Thursday, December 3, 2015

Men and Women Are Not Made to Be Alone

Our parish's monthly morning retreat for mothers continues to explore Love is Our Mission, the preparatory catechesis for the 2015 World Meeting of Families. The following reflects on Chapter 4, Two Become One. Last month's talk was on The Meaning of Human Sexuality.

"We are not made to be alone. Human beings need and complete each other," stated the organizers of the 2015 World Meeting of Families. Friendship and community both fulfill our human need for connectedness, but marriage "is a uniquely intimate form of friendship," they recognized. Like all long-lasting friendships, marriages need work to survive.

Before getting married, most of us construct fantasies around our future marriage and family life. Whether it involves building the best careers while raising the brightest kids, or peacefully creating the perfect home, these fantasies all contain some element of unreality. The danger is that when reality intrudes, as it inevitably must, we feel tempted to blame our spouse or our marriage or even marriage itself without acknowledging that bumps along the road are an inescapable part of life. So, what's a married couple to do?

First, make a conscious effort to let go of resentment. Resentment and disappointment fester and become bitter. Let it go! Be the one to break the stalemate. Say sorry first. Realize that clinging to resentment gives it power over you. Reconcile with your spouse. Admit that you're not perfect either. Get mad again, throw a plate or two (as Pope Francis is fond of saying), and reconcile again.

Second, have hopes rather than expectations. Expectations create an attitude of entitlement. I went to an Ivy League school, therefore I deserve a six-figure salary. I'm smart, therefore I deserve smart kids. I've prayed faithfully to God all my life, therefore I don't deserve this tragedy or that suffering. Hopes are different than expectations. You can hope for a high salary, a relatively trouble-free life, and brilliant, beautiful, and well-behaved kids. But don't feel deprived of less than your due if you don't get them all. Strive for St. Paul's peaceful sense of acceptance: "I have learned to be content with whatever I have. ...I have learned the secret of being well-fed and of going hungry, of having plenty and of being in need" (Phil. 4:11-12).

Third, be grateful so you can be generous. It's hard to give when you don't feel that you have received enough. It's hard to give when you feel depleted and empty. Look hard at your life and fill yourself with gratitude. Do you have good health, a job, a house, children, an education, faith in God, someone to hug you? All these things are gifts, and not everyone has them. Realizing how much we have to be grateful for allows us to be generous with our spouses, our families, and our communities.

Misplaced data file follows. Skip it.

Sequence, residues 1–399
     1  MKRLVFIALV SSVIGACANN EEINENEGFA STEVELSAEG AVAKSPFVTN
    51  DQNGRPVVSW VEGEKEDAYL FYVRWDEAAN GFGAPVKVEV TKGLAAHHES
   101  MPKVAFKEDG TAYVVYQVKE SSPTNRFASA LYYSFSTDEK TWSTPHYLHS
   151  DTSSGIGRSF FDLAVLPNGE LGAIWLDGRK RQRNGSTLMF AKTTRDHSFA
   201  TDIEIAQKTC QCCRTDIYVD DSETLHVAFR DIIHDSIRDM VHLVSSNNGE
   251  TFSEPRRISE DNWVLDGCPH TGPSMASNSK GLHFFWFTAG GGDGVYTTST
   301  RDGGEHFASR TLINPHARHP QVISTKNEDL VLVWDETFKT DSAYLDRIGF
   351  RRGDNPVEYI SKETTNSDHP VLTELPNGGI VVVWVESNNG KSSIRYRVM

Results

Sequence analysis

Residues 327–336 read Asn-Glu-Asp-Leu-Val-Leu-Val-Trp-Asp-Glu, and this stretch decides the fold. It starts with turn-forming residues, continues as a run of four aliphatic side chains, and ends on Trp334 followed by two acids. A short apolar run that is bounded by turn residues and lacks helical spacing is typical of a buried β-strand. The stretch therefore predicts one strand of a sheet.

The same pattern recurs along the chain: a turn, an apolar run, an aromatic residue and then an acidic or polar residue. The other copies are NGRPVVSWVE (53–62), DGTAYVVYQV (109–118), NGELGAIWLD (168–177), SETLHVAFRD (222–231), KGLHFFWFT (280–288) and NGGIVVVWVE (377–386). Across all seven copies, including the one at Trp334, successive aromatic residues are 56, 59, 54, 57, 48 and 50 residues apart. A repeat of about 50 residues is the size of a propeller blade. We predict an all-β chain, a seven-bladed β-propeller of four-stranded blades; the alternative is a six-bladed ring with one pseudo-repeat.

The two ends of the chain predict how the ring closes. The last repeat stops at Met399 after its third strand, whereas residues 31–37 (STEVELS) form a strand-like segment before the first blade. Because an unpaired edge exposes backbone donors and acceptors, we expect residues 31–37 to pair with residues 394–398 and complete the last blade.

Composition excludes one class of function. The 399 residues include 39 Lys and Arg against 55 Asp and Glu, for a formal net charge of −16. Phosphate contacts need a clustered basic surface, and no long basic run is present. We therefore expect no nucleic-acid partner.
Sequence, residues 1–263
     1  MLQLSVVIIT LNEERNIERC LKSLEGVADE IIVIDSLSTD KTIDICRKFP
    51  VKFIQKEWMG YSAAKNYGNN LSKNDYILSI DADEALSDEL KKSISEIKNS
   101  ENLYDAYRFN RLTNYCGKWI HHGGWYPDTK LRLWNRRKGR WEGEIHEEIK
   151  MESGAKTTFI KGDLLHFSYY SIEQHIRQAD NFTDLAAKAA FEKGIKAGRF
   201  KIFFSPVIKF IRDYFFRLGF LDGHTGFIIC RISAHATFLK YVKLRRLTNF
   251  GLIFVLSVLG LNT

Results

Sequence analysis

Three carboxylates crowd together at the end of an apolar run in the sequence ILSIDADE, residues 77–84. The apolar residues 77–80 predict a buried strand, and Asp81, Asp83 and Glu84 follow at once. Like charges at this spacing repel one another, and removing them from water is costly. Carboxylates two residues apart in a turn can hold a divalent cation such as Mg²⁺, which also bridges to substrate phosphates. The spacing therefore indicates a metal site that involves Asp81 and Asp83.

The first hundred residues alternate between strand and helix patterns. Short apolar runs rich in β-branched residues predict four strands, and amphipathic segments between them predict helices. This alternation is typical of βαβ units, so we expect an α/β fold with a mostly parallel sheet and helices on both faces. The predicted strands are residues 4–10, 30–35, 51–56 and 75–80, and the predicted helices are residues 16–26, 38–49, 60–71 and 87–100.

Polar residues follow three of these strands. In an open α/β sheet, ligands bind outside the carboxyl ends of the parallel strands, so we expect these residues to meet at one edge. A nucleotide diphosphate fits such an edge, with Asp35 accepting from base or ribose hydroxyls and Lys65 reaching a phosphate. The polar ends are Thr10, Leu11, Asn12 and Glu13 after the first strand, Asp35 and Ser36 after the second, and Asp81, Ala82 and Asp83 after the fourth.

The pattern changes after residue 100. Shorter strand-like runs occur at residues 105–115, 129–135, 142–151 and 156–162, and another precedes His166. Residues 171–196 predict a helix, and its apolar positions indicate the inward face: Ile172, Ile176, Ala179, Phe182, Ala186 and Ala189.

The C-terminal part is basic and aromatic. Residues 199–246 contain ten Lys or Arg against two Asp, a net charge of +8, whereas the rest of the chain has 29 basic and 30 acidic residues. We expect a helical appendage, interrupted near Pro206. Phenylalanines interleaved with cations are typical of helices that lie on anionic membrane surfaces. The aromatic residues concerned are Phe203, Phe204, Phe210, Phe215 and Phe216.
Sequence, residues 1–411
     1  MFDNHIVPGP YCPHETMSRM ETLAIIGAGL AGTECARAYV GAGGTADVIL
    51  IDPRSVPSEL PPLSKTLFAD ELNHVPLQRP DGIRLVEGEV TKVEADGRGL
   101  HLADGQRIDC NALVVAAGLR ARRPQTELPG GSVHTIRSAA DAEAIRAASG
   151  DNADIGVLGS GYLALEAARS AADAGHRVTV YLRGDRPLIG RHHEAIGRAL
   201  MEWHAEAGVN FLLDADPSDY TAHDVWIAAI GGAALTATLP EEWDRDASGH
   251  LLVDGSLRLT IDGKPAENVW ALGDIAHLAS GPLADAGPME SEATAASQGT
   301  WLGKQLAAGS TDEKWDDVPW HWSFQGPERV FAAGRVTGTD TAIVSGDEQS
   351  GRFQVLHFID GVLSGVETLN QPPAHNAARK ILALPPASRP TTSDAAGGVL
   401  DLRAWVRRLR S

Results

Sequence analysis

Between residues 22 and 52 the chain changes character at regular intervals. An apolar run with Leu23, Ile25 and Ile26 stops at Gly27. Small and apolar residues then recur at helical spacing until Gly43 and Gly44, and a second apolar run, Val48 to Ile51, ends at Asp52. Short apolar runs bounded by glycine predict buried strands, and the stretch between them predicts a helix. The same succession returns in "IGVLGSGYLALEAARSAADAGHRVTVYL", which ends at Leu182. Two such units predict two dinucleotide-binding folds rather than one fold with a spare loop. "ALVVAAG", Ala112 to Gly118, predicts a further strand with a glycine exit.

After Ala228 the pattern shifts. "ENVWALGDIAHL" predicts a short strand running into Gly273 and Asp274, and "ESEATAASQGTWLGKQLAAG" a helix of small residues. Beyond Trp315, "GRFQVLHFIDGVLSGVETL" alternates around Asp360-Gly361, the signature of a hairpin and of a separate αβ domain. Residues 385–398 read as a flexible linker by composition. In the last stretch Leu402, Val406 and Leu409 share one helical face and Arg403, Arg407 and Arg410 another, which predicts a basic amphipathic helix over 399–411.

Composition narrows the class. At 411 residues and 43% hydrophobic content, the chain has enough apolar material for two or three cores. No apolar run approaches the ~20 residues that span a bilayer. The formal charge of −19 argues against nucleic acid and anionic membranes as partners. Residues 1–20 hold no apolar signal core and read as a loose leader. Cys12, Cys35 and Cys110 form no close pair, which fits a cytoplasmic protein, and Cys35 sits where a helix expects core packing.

The Church wants to help married couples through their struggles. "In response to ... possible worries and fears, the Church offers Jesus, the sacraments, and the support of her own members in mutual fellowship," WMOF organizers stated.

Pope Francis said, "The Sacrament of Matrimony ... takes place in the simplicity and also the fragility of the human condition. ...The important thing is to keep alive the link with God, which is the basis of the marital bond." Jesus makes the impossible possible! We just have to ask him and trust in his response.

Christ himself works through the sacraments of Matrimony, Eucharist, and Penance and Reconciliation. Mass and confession are ever-flowing sources of grace. "The Holy Spirit is a fire in the sacraments," explained WMOF organizers. The sacraments can rekindle a burning desire to love one another, to accept whatever the present brings, to hope for a better future, and to be grateful for all God's good gifts.

As Christian spouses, we are blessed and beholden to accompany other married couples on on this pilgrimage through life. Building a marital relationship is like building a house, and "we build a house together, not alone!" said Pope Francis. Especially during this season of Advent, awaiting the coming of Our Lord, we can reach out and draw closer to our fellow pilgrims, sustaining them and being sustained by them, together in faith.

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